‘Did you start that essay yet?’
‘Not yet. Tonight, hopefully.’
‘You’ll do well on that.’
Editorial comment: For me the problem with this submission is pretty immediate. The whole piece is written, quite competently, in a reasonably close first person PoV. A writer would choose this PoV because it is immersive, draws us naturally in to the character, allows us to develop a profound empathy with the character’s desires and ambitions, and lets us experience the story from the character’s unique perspective. It’s often a good choice for YA coming-of-age stories, which this book is, because that kind of story is often about the development of the PoV character above all else.
So my question to this author would be: Having gone through all that reasoning, correctly identified your genre, chosen an appropriate immersive close PoV, and gone to the trouble of carefully crafting your opening in that PoV, why would you then choose to hide apparently vital pieces of information from the reader, pieces of information that we have to assume are important, because the main character mentions them in the first few paragraphs?
The whole point of an immersive PoV is that the reader experiences the story from the perspective of the character. We share their journey, feel their pain, see what they see, empathise with their needs. How then can you withhold from the reader what the character is saying and seeing not once, but three times in the opening paragraph?
We are not told what sentence is on the piece of paper. Since the scene is very much “of the moment” and the paper is folded, that might be okay, but then the character actually enunciates what is written on the paper, as he does “every day” and we are still not told what the sentence is. How can we empathise with a character if we don’t know what he’s saying?
Then he sees an unexpected colour in the mirror. We don’t know what colour it is, and have to wait 65 words until “blood” is mentioned, by which time we’ve almost forgotten what question we were asking (what is the colour he’s seeing?).
Then he leaves the house, walks round to his bedroom window and notes that the “three” are still on his desk. What “three”? Nope. We’re not told. Was it the “Globe, football game, wallet” of the very first few lines? We’re just guessing. We don’t know what significance those three items have for the character (or the significance of their not moving—does he have some kind of OCD fixation? The synopsis mentions his “carefully controlled existence”), but because other information has been hidden from us, we don’t know what to think. Perhaps these are another three things that we haven’t yet been told about? We’re not bedded into the character, who tells us nothing more and just slopes off to meet his school bus. I’m lost at this point, and we’re only a few hundred words into the opening.
You’ve done a lot right with this opening. It’s competently written. There are a few copy-editing niggles to sort out but nothing major, nothing really that might prevent you going straight to an agent. But this issue with trust and PoV consistency is fundamental. If you write in an immersive PoV there’s no point in hiding things from the reader. You’re just destroying all that carefully built up empathy, throwing up barriers left, right and centre between the reader and the character you most want us to be close to.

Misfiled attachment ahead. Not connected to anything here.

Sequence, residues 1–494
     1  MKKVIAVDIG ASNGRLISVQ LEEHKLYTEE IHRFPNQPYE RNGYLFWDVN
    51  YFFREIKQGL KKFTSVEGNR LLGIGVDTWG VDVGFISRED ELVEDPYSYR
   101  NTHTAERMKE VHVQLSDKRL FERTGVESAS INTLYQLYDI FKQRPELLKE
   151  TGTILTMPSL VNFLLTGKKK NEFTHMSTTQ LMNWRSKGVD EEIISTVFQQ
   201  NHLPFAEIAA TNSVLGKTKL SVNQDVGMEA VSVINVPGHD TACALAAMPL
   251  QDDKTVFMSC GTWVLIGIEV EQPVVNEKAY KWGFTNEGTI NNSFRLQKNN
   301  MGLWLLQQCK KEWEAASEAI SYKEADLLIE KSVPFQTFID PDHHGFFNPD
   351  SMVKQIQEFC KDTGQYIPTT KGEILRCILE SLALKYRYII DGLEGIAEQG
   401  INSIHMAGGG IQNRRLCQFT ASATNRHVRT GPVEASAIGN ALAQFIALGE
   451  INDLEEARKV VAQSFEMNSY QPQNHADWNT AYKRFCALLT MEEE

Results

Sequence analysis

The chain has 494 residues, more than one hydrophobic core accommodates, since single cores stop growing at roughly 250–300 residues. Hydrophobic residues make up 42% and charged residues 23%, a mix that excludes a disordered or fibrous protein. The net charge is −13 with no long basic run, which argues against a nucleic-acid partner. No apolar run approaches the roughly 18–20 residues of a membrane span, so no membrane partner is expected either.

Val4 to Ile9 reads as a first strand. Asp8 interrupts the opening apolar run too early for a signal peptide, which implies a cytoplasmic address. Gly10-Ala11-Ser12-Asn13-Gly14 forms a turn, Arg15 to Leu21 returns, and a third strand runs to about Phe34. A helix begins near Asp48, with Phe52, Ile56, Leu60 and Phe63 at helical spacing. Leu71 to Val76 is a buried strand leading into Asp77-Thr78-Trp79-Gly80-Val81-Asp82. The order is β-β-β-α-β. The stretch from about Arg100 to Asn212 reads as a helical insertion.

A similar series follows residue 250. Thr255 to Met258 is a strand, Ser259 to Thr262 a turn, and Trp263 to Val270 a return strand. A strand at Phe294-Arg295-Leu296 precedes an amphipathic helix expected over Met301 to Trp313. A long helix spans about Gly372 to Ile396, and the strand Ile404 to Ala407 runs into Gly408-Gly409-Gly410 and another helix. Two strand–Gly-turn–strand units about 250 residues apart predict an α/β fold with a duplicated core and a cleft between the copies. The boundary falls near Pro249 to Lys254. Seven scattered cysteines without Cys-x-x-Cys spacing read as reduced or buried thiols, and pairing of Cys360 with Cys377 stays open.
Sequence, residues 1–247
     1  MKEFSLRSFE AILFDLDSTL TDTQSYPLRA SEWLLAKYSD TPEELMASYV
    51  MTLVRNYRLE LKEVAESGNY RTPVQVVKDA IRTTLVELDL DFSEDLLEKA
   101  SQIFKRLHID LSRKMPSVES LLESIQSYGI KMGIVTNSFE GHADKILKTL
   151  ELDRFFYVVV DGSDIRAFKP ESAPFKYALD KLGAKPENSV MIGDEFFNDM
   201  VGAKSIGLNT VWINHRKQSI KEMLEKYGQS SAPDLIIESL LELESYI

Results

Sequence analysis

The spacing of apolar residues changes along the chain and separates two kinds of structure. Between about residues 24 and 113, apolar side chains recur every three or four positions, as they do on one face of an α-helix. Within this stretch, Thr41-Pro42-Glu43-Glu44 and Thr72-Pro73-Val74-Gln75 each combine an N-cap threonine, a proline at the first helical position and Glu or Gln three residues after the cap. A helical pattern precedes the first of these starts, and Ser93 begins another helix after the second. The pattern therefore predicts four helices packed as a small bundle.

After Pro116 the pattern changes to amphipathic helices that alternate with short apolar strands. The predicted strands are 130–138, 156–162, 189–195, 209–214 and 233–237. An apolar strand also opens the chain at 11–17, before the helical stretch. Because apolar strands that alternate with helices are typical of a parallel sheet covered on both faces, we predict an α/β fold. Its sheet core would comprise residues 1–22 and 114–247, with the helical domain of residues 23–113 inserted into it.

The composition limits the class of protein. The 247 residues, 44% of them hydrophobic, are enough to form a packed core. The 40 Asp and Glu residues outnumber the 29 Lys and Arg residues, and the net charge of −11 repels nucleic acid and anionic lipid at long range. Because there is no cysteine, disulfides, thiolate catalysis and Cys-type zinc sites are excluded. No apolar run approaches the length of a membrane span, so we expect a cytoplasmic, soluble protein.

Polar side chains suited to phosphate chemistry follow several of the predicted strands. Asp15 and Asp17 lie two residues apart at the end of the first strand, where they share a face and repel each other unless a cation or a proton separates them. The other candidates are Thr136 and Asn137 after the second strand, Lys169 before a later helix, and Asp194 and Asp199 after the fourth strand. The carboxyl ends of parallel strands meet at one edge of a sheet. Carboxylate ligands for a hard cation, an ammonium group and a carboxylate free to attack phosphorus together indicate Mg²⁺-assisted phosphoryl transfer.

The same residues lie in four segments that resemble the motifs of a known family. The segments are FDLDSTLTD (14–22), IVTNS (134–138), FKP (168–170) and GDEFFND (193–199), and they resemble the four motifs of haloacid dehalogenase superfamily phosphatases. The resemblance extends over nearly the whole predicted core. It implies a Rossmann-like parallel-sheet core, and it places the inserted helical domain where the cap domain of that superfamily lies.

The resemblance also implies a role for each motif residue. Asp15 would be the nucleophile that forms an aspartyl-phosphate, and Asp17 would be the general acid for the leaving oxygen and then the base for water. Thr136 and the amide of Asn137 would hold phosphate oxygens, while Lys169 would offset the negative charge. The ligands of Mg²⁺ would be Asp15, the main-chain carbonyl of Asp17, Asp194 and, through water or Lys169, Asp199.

What’s on the folded paper? If it’s important to the plot we must know what’s written there if the main character not only knows, but actually says it out loud. If it isn’t, why even mention it? Why don’t we see the colour of blood in the mirror, at the same moment our character does? That would be far more shocking, and let us experience the character’s own horror, than “hearing about the idea that he thought he was seeing blood” half a paragraph later. If the three things are sitting on his desk are the globe etc, why are you delaying our understanding of them? Surely it is in your interests to draw us in to the character, to make us aware of his obsessions and fears as soon as possible, not make deliberate attempts to keep us in the dark?
Okay. Perhaps you do reveal everything, perhaps even in the next few pages, so I’m ridiculously overthinking this and should just chill out altogether? But I have to stress this repeatedly. An agent starts at word one and reads until they find something that throws them out of the story. There’s a good chance that if they find a problem that throws them out of the story in the first few sentences, they’ll move on. They’ve a dozen more new submissions to get through that morning before their eleven o’clock meeting, after all, and maybe one of them will be brilliant. On the basis of these opening few pages, I think most agents would worry about your ability to maintain a consistency in your close third person PoV, and too much authorial intervention in the natural processing of information from the story. If this is problematic in the very first few lines, they might jump to the conclusion that it may well reoccur throughout. That might be an unfair assumption, but the publishing business isn’t fair.
It’s a rare fault, so thanks for submitting and letting us explore the issue. There’s not much else wrong with this opening, so I’d recommend rethinking these authorial sleights-of-hand and retelling this opening (and anywhere else this type of problem resurfaces later on in the book) in a true immersive third person PoV. Try not to interpose yourself, as author, in between your readers and the characters—let the characters tell their own stories.
Thanks for posting!